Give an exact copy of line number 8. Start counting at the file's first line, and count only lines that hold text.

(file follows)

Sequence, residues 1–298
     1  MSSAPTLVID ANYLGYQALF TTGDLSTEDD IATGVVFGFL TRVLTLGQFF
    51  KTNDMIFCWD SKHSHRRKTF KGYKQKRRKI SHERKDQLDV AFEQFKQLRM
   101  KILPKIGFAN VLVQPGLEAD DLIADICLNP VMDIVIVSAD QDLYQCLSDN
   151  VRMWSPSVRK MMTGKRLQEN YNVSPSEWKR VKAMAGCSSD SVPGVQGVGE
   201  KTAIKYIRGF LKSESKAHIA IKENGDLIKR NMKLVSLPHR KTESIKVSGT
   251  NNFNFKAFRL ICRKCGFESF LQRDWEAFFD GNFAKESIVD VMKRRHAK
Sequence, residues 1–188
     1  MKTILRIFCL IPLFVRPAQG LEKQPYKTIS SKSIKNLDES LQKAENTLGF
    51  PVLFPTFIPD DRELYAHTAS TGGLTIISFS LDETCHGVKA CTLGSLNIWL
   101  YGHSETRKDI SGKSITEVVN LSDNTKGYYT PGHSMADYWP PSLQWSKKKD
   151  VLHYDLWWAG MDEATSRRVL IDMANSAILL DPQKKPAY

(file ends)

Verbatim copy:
Sequence, residues 1–188